Casati: new study, major geophysical events and Ap index 1844 onwards

Posted: April 13, 2015 by tchannon in Earthquakes, volcanos

Dr Michele Casati is familiar to many Talkshop readers as an occassional contributor and for his blog.

A new study is being presented at EGU General Assembly 2015, held 12April – 15April, 2015 in Vienna, Austria

Relationship between major geophysical events and the planetary magnetic Ap index, from 1844 to the present

Michele,Casati; Valentino,Straser


In this study, for the first time, we compared the annual magnetic Ap index, taken from original sources, from 1844 to the present day [Svalgaard,2014], with:

i) sixteen large volcanic eruptions of index VEI5 + recorded by, Smithsonian Institute (Global Volcanism Program), ii) three sets of the volcanic aerosols data [Ammann,2003][Gao;Chaochao;Alan Robock;Caspar Ammann, 2008][Traufetter,2004] and iii) eight major earthquakes of a magnitude between 8.7<M<9.5, which occurred from 1900 to the present.

We observe that the twenty four major geophysical events which occurred were in proximity to two specific thresholds, or limits, of the annual planetary Ap index. Specifically, in the downward phase of the planetary Ap index, under the annual value of 7 or, in the phase when the annual value exceeded 22. We identified a total of 14 transitions (eight in the solar minimum and six in the solar maxima) each with a period of about two and a half years making a total of almost 35 years of activity during the 169 years under review. During the 14 transitions 18 of the 24 major historical geophysical events occurred from 1844 to the present. Analysis of data shows a clear link between the electromagnetic (EM) dynamics recorded in large historical solar minima (Maunder, Dalton or solar minimum 1880-1920), the large solar maxima (solar cycles 19, 21 & 22) and the energy released during large geophysical events [Casati,2014]. The physical process of solar-terrestrial interaction, also reveal a deep and intrinsic relationship between the EM dynamics of the inner solar system and the temporal occurrence of major geophysical events. The references in scientific literature, in support of this work, are numerous: from empirical evidence, that we find in the late nineteenth century – early twentieth century, to more recent references.
Some of which are:[Casey,2010][Charvátová,2010][Choi,2010][Duma and Vilardo,1998][Khachikyan et al,2014][Kolvankar,2008][Kovalyov,2014][Mazzarella and Palumbo,1989][Stothers,1989][Streštik,2003][Sytinsky,1987,1989,1998].

— A copy is on Michele’s site

Post by Tim

  1. husq says:

    Sorry about this:

    You see, it can always be shown that when things like fiery eruptions happen on the earth, they are connected with the constellations, the relation of the stars to the sun. An eruption can never occur unless at some particular place the sun is able to shine more strongly than usual because it is not covered by other stars. If it is covered by other stars as is generally the case, then the sunshine is normal.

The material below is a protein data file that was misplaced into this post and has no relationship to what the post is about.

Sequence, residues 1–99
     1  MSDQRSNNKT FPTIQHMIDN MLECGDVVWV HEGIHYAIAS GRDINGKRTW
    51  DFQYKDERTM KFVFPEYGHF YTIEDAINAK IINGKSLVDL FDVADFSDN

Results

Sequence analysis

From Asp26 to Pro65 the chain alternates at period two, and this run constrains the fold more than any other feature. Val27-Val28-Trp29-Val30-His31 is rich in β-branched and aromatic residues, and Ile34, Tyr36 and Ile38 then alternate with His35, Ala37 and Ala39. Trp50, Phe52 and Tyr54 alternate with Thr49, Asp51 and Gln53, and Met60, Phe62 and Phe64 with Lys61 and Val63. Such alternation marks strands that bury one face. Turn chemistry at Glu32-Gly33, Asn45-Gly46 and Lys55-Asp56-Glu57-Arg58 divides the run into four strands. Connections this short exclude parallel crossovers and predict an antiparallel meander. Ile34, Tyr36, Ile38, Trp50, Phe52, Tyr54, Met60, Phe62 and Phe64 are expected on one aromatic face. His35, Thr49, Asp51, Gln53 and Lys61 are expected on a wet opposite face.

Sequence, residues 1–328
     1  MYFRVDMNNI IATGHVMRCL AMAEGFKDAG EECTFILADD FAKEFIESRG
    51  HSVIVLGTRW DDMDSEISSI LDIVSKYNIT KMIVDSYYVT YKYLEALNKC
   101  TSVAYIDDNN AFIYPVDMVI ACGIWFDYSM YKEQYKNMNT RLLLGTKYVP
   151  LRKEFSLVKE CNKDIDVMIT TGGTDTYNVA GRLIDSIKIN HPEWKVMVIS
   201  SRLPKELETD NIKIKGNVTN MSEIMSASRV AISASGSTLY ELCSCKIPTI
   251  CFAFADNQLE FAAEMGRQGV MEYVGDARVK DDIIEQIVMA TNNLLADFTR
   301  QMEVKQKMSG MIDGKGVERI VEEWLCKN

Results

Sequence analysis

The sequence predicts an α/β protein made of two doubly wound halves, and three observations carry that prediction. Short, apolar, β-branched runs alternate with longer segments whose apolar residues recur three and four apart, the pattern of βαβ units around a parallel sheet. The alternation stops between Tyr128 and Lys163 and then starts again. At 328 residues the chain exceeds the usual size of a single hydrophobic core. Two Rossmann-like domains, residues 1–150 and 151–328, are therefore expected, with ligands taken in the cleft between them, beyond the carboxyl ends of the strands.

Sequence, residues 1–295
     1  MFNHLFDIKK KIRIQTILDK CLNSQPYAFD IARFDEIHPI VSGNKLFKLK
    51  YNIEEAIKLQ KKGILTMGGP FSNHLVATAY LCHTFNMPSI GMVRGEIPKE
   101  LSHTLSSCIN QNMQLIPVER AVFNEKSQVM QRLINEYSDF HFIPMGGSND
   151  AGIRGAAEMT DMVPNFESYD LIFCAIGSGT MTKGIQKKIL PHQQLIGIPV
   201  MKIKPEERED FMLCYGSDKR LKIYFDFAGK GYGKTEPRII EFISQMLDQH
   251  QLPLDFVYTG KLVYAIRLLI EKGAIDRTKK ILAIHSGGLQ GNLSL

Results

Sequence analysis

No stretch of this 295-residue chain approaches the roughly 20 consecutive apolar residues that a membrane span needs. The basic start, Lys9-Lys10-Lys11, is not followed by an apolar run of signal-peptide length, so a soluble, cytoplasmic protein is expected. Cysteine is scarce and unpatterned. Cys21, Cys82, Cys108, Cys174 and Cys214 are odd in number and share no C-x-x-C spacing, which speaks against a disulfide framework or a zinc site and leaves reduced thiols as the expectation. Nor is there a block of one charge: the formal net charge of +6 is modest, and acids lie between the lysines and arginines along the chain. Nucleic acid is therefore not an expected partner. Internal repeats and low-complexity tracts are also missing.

2. husq says:

    Brian Keats Astro calender. Click on extreme weather tab.

  3. Here is what I think Michele. First look at my post at 8:18 pm Mar.30.

    I can see a tie in with more geological activity near solar maximum due to extreme solar events taking place around that time. Not as great however as around very quiet prolonged solar minimum conditions, with a severe solar event taking place within the prolonged solar minimum period.

    I think five factors come into play to determine if an increase geological activity is going to follow a major solar event. I think the five factors are the relative strength of earth’s magnetic field, the overall level of solar activity in general, the geomagnetic storm strength itself , the state of instability of the plates at that point in time ,and most IMPORTANT the strength in the geomagnetic storm in relation to the level of solar activity in general.

    I think the greater the spread is between the average AP index and the AP index during the geomagnetic storm the greater the chances will be for major geological activity to follow.

    This is not a black and white situation unfortunately. This is my best take ,I do not know for certain if this is correct but it seems to be logical in many respects to my way of thinking.

  4. Michele says:

    Thank Rog and Tim for this post.

    Salvatore, the assertion that solar activity is the primary cause of earthquakes is not correct.
    I believe that gravitation and electromagnetism are not the cause.
    The issue (solar and/or planetary geological relationship) is more complex and unknown.

    The astronomical geometry is a “one” answer but it is not complete, see :

    New Concepts in Global Tectonics Newsletter, no. 60, September, 2011
    Vinayak G. KOLVANKAR
    Former scientist, BARC, Mumbai 400051, India

    The astronomical-geological interactions (primary physics phenomena) remind to me the old nicola tesla patent’s (notes of laboratories)…
    To be, or not to be … Michelson-Morley or not Michelson-Morley …

  5. I believe that gravitation and electromagnetism are not the cause.

    Michele you said in the above. Is that correct? Thanks

  6. Michele says:

    Yes, I think that Tim Cullen is on the right track..